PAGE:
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The Roman Name
compiled by John Porter, University of Saskatchewan

Notice: This material is the copyrighted property of the author and should not be reproduced without the author's permission.

Suggested Background Reading

The typical Athenian male had but one given name (e.g., Socrates), but would identify himself formally (at least from the late fifth century on) by adding the name of his father and of his deme (e.g., Socrates, son of Sophroniscus, of the deme of Alopece). A Roman's name usually will have at least three elements:

*The Praenomen - the "first" name; perhaps originally the only given name. Versus modern Western practice, relatively unimportant and generally quite colorless. We know of fewer than 100 praenomina in use; the Roman upper classes generally limited themselves to 15 or so common praenomina: see below for a list of the most common praenomina with their abbreviated forms.

*The Nomen (nomen gentilicium) - the "family" name, designating the person's gens ("clan"). The most important of a Roman's names. Often end in -ius; built off a praenomen, a place name, or a cognomen.

*The Cognomen - most Romans had at least one cognomen, often more than one. The cognomen could serve a variety of purposes: 1) It could distinguish a particular branch of a gens (e.g., M. Tullius Cicero - a member of the "Ciceronian" branch of the "Tullian" gens; in the case of P. Licinius Crassus Dives we find that the "Crassus" branch has been further subdivided into a "Dives" sub-branch). 2) The cognomen could be honorific (e.g., P. Cornelius Scipio acquired the additional cognomen "Africanus" after his victory in the Second Punic War). 3) In the case of someone who had been adopted, the "adoptee" would assume the name of his adoptive father but would add a cognomen which indicated the gens into which he originally had been born (e.g., C. Octavius, on being adopted by C. Julius Caesar, becomes C. Julius Caesar Octavianus). As a result, Roman names could become quite unwieldy: e.g., P. Cornelius Scipio Aemilianus Africanus Numantinus.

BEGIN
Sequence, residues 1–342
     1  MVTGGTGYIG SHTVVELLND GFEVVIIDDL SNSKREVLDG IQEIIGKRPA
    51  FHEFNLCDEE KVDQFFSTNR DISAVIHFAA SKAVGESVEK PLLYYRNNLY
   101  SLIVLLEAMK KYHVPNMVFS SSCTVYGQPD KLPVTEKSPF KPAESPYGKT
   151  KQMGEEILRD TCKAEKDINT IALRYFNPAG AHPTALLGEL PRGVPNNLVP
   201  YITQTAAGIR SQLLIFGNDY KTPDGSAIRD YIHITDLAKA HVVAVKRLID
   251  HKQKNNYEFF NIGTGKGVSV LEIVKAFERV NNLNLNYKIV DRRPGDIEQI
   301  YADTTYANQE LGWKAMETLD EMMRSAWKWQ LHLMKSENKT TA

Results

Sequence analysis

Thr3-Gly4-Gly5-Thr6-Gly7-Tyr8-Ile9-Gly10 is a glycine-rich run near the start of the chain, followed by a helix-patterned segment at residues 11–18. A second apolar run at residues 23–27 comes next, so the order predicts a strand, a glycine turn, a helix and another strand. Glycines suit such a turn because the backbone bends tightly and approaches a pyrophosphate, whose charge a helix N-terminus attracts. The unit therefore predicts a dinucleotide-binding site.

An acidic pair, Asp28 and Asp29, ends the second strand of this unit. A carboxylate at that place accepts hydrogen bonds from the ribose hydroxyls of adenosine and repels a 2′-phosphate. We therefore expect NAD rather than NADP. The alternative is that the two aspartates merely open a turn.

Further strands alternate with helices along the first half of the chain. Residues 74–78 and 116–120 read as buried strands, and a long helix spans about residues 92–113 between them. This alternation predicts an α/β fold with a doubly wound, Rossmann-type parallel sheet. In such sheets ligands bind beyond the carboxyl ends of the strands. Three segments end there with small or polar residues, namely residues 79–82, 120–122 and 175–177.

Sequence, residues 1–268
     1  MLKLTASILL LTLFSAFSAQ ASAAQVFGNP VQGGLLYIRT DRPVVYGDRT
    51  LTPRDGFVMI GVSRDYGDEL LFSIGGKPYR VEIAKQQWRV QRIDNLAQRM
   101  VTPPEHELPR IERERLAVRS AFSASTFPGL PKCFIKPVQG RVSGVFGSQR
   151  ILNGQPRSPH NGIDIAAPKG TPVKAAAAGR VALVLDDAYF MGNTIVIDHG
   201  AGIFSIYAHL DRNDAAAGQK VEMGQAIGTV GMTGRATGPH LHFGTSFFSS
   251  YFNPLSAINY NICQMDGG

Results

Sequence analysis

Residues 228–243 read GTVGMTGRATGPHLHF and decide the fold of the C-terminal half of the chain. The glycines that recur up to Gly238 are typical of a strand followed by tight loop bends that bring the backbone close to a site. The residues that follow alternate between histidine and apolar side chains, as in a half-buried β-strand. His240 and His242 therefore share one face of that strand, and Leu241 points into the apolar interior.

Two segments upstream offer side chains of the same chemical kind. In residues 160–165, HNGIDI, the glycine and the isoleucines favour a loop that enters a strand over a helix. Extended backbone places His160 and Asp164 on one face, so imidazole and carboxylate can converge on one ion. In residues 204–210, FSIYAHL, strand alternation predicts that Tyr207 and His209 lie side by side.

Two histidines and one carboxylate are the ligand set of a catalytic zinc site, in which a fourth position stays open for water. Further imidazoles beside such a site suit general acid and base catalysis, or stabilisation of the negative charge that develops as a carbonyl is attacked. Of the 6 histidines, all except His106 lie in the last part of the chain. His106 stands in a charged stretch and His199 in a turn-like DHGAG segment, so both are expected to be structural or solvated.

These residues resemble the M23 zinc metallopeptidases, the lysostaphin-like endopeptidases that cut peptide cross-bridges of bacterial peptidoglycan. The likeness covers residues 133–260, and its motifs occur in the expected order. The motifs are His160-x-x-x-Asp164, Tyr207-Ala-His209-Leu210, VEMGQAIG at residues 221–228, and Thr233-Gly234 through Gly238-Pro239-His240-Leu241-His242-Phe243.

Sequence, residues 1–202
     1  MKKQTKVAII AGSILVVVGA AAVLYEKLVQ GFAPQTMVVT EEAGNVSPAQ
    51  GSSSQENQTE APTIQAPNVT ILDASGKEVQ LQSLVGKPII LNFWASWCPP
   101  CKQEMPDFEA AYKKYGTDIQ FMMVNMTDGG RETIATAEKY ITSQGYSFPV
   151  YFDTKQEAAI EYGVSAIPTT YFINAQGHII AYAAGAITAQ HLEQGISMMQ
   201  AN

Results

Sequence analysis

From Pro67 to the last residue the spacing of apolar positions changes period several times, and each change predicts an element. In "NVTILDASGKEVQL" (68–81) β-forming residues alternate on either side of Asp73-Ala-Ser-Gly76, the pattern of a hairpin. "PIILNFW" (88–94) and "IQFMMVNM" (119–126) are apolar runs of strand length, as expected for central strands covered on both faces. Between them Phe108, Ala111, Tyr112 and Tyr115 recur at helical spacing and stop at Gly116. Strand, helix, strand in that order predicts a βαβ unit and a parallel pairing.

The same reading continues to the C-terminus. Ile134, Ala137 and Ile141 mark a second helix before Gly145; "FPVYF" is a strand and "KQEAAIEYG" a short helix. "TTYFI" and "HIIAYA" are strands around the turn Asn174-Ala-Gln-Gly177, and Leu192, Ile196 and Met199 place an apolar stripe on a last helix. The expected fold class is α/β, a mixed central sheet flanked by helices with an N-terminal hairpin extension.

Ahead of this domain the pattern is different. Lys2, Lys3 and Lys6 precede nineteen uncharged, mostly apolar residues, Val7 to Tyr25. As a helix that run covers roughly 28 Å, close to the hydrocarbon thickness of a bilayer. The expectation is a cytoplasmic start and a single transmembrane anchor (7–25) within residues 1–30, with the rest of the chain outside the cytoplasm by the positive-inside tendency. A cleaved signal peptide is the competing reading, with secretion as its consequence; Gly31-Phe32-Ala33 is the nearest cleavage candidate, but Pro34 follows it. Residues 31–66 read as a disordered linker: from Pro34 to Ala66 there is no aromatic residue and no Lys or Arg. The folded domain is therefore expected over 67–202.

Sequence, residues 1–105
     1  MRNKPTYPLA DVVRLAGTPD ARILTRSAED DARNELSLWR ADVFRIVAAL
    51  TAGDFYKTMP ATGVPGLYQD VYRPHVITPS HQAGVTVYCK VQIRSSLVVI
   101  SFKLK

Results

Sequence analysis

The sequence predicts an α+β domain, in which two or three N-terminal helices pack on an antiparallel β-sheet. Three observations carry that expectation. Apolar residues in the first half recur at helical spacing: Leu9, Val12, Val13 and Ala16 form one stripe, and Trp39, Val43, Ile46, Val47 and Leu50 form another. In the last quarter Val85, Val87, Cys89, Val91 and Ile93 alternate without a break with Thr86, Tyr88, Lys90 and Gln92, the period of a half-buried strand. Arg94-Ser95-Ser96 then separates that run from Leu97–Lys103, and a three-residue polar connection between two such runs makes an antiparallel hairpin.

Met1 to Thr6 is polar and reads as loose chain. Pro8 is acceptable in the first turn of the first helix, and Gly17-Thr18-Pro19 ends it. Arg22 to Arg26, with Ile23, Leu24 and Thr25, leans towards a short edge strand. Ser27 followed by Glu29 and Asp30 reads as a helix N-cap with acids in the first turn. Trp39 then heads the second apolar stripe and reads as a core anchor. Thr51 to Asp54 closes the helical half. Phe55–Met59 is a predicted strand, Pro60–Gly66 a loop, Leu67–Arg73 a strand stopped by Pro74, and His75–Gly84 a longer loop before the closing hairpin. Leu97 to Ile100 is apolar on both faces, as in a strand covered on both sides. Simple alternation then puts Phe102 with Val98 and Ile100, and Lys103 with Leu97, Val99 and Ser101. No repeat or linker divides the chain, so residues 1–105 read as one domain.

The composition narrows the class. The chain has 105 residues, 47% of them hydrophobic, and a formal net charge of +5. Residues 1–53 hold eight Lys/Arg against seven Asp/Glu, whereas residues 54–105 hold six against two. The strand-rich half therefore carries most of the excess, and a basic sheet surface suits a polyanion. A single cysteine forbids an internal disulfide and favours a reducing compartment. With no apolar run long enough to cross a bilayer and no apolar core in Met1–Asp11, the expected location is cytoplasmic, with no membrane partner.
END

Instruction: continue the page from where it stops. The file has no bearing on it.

Friends would use the nomen or cognomen in addressing one another: hence we refer to M. Tullius Cicero as "Cicero", while Chaucer will call the same man "Tullyus." In a formal address one would employ the praenomen with the nomen (since the the cognomen was not used officially until around the time of Sulla: cf. Catullus 49.2). If one was being extremely formal one would say (e.g.): Marcus Tullius Marci filius Marci nepos Cornelia tribu Cicero ("Marcus Tullius Cicero, son of Marcus, grandson of Marcus, of the Cornelian tribe"). To look a particular Roman up in a dictionary, index, etc., look under the nomen or under the first specifying cognomen.

Women routinely had only one name: a feminine form of the nomen (or, occasionally, the cognomen) that indicated her gens. Thus, all of M. Tullius Cicero's daughters would have the name Tullia; all of C. Julius Caesar's daughters would have the name Julia; etc.

Slaves also had only one name, either their original name (especially if Greek) or a name indicative of their country of origin, their character, appearance, etc.

Freedmen (former slaves) took the praenomen and nomen of their former masters and added their own name (or an appropriate adjective) as their cognomen. M. Tullius Cicero's slave Tiro, on gaining his freedom, becomes M. Tullius Tiro; Terentius Lucanus' slave, born in the Roman province of Africa, becomes P. Terentius Afer ("the African"); etc.

List of Praenomina

  • A. - Aulus
  • Ap(p). - Appius
  • C. - Gaius
  • Cn. - Gnaeus
  • D. - Decimus
  • L. - Lucius
  • M. - Marcus
  • M'. - Manius
  • N. - Numerius
  • P. - Publius
  • Q. - Quintus
  • Ser. - Servius
  • Sex. - Sextus
  • Sp. - Spurius
  • T. - Titus
  • Ti. - Tiberius
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